The men then wore small hats with very low

crowns, adorned with a feather; and what is remarkable, the women adopted the same kind of head-dress. A portrait of Margaret of France, the third and youngest daughter of Francis I. executed by Corneille, a painter of that age, represents her with a hat exactly resembling that of the king, her brother.

It would appear that fans were at this period in high estimation, for women of the highest rank caused themselves to be painted with fans in their hands; I shall mention, from among many others, only the portrait of Claude of France, daughter of Henry II.

Under Francis II. a singular custom was introduced among the men; they imagined that a portly belly gave to its owner a majestic appear. ance, which exceedingly contributed to increase his personal merit. Those who through the niggardliness of fortune, were unable to procure by internal means that corpulence which conferred so just a claim to respect, endeavoured to supply the defect by external appendages; false bellies were made, and the art of the tailor made amends for the emptiness of the kitchen. The women conceived that this fondness of the men for large surfaces, might probably be extended still farther; and the fashion of great rumps immediately sprung up. This fashion lasted three or four years, and nothing was seen but false bellies and rumps. The most singular circumstance is that the women placed such confidence in the power of these posterior phenomena, that they totally neglected the aid of all their other attractions. They even concealed the face, probably that the attention of the men might not be diverted in any manner whatever from the new kind of charm which they held forth to their admiration. It was, in fact, at the same period, that the custom of covering the face with a kind of black mask, called loup, originated among the women. This practice was still in vogue in the time of Henry III.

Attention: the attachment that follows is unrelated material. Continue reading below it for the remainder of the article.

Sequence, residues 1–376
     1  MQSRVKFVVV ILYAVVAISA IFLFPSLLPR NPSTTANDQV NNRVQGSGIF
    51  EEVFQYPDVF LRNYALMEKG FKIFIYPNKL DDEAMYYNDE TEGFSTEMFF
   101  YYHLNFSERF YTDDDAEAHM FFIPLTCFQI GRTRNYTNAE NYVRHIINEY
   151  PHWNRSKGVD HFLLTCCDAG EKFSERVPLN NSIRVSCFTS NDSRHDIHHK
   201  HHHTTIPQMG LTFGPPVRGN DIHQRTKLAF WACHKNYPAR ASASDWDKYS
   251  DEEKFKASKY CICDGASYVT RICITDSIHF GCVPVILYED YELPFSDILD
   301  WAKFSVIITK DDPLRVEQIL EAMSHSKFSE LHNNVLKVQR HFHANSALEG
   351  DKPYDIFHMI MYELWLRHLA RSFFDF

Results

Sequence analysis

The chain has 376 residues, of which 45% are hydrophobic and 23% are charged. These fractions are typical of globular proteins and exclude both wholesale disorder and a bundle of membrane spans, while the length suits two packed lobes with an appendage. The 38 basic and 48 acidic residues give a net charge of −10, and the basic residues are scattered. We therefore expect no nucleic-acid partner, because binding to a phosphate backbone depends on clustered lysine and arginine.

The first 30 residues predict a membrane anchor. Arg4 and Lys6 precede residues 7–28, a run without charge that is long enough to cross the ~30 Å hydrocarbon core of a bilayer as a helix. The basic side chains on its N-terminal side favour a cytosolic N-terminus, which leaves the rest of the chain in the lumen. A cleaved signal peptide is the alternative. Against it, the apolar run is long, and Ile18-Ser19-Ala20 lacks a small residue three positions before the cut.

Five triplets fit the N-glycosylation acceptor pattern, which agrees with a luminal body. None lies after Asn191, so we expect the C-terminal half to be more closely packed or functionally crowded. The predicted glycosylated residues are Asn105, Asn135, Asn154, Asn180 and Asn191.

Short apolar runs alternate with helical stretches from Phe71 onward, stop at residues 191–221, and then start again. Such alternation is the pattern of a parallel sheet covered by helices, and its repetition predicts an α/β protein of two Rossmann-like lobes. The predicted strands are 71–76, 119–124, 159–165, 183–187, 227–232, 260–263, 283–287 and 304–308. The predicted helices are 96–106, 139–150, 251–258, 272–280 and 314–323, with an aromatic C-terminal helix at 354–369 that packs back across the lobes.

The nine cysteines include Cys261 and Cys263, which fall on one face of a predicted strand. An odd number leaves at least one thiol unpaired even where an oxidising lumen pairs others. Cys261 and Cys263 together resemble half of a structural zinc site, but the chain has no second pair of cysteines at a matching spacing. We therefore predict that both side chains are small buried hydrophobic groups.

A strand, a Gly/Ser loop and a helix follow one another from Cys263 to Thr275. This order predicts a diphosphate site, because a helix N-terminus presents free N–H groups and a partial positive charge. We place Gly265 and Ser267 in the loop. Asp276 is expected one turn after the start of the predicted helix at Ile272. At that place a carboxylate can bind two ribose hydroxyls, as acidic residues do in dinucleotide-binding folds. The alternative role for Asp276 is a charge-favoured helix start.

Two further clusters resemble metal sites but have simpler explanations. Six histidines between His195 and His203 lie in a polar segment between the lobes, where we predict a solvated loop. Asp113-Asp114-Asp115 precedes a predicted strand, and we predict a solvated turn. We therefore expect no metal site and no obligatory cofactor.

The reigns of Charles IX. and Henry III. exhibited few variations in the costumes; we only observe that the farthingales had increased to such a circumference, that Charles IX. was obliged to fix a standard for them; by the 146th article of the edict of Blois, in 1560,-" It is forbidden to all women to wear farthingales more than an ell, or an ell and a half in circumference." But the edicts of kings never produced a stronger effect than the sermons of Carmelites, and the farthingales kept increasing in their dimensions.

[To be continued.]